Man who breached restraining order is banned from village

PUBLISHED: 14:21 16 February 2017 | UPDATED: 14:21 16 February 2017

Exeter magistrates court. Ref exe 01-17TI 4933. Picture: Terry Ife

Exeter magistrates court. Ref exe 01-17TI 4933. Picture: Terry Ife

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A father-of-two has been banned from entering Branscombe after he admitted breaching a restraining order.

Christopher Cripps, 34, also pleaded guilty to using violence to secure entry into a premises when he appeared before magistrates sitting in Exeter on Tuesday.

The court heard Cripps, formerly of Lindemann Close, Sidmouth, left his ex-partner ‘petrified’ after calling at a property wanting to see his children. He smashed a wheelbarrow into a door, breaking a panel of glass.

Prosecutor Lindsey Baker said Cripps, who has been living in West Sussex since his arrest, had been handed a restraining order relating to his ex-partner on December 2 last year and was told not to contact her or her parents unless through a solicitor or third party.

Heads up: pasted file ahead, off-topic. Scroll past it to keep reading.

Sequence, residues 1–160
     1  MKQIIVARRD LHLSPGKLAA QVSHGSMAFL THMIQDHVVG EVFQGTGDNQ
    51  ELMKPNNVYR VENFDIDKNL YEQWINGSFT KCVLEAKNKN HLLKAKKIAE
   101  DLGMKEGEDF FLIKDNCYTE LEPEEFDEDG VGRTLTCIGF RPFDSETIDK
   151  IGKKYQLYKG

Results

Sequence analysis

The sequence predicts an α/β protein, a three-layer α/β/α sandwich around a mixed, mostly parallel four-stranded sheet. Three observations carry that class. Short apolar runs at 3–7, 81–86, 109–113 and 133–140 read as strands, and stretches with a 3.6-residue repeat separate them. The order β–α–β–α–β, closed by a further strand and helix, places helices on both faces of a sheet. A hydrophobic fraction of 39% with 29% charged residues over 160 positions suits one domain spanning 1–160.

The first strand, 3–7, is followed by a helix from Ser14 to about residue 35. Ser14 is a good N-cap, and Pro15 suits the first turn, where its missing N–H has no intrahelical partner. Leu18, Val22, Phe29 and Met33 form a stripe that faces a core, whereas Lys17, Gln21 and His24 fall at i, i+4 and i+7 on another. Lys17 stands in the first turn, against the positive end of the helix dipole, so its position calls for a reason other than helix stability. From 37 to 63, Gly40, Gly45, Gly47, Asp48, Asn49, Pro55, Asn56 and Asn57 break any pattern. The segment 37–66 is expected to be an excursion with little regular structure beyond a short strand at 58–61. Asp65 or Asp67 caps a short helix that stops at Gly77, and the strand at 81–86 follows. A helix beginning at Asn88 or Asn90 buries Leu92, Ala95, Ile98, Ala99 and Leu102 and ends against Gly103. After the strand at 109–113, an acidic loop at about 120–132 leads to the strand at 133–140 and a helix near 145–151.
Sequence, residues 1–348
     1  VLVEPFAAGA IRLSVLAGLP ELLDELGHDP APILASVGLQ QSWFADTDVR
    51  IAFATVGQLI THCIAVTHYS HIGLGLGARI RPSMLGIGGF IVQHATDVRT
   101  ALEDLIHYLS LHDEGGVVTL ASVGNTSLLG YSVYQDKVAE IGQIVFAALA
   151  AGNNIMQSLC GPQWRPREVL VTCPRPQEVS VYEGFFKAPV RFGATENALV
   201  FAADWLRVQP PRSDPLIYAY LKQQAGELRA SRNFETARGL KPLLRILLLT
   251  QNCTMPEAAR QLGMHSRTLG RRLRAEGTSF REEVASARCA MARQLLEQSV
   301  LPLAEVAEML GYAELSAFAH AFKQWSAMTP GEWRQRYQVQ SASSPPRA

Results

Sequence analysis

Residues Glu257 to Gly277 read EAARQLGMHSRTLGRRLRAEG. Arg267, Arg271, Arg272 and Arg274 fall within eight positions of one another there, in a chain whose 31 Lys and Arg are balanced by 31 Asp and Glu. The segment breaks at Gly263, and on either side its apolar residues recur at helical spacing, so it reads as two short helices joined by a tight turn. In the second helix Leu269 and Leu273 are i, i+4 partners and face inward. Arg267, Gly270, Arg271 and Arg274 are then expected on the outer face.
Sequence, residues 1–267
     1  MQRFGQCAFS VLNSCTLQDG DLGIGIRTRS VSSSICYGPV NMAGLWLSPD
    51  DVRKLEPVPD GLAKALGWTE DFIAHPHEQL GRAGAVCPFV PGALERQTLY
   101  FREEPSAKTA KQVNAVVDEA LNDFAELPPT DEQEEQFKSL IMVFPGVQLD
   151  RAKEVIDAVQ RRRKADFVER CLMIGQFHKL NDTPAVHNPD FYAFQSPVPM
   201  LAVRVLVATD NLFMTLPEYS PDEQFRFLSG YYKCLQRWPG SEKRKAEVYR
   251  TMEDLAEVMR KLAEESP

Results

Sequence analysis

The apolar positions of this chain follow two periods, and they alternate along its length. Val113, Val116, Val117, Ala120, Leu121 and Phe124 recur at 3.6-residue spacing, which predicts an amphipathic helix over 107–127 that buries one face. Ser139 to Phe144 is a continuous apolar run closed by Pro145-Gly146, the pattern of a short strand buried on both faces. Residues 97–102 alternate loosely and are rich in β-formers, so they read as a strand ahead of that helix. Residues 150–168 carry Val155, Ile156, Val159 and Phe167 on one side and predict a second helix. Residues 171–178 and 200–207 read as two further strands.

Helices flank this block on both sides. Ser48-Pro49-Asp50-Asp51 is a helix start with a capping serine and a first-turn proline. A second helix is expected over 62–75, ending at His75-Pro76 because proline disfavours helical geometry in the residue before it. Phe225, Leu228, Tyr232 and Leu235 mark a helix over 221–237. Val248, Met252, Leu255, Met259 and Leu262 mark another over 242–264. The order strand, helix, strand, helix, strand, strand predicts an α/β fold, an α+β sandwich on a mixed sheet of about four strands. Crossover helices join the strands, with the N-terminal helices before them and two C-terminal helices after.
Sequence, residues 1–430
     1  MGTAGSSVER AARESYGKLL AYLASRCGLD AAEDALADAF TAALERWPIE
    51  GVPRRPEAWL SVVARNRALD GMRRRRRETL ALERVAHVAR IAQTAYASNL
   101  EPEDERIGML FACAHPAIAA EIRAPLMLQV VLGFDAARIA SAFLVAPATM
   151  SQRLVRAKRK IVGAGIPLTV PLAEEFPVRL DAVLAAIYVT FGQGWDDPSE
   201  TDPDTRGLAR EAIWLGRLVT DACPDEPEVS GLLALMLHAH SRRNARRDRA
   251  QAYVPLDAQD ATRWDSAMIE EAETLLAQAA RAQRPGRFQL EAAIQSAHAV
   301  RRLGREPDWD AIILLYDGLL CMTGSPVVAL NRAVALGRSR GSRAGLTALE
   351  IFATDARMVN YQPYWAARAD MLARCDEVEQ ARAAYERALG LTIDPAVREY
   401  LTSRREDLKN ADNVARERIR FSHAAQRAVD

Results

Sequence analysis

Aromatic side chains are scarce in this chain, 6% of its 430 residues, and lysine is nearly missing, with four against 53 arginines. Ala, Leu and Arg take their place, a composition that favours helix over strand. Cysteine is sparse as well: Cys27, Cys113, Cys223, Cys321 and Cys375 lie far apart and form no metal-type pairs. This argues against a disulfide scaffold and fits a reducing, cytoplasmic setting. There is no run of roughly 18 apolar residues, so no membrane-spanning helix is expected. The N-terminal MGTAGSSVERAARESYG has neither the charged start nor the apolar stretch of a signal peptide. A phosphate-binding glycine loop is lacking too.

Mrs Baker described how, on the evening of January 16, police were called after Cripps turned up at an address in Branscombe and rang the bell before banging on and kicking the door. He then used a wheelbarrow to hit the door, smashing a panel, which caused his ex-partner’s father to be showered in glass, resulting in a cut to his ear. “He kicked with such force the house was described as shaking,” said Mrs Baker. Cripps’ ex-partner said in a statement that she was ‘absolutely petrified’ and ‘hysterical’.

Stephen Nunn, defending, said Cripps was missing his children and had got ‘down in the dumps’.

A probation officer told the court Cripps was looking to start new employment in Lyme Regis, adding: “He understands what he did was wrong and he was very remorseful and wishes to make amends for his behaviour.”

Cripps was handed a 14-week custodial sentence, suspended for 18 months, for each offence. He was fined £300, had his restraining order extended by three years, and was told he could not enter Branscombe.

Magistrates told Cripps: “This was a particularly serious offence - the people involved were obviously terrified by the actions that you took.”


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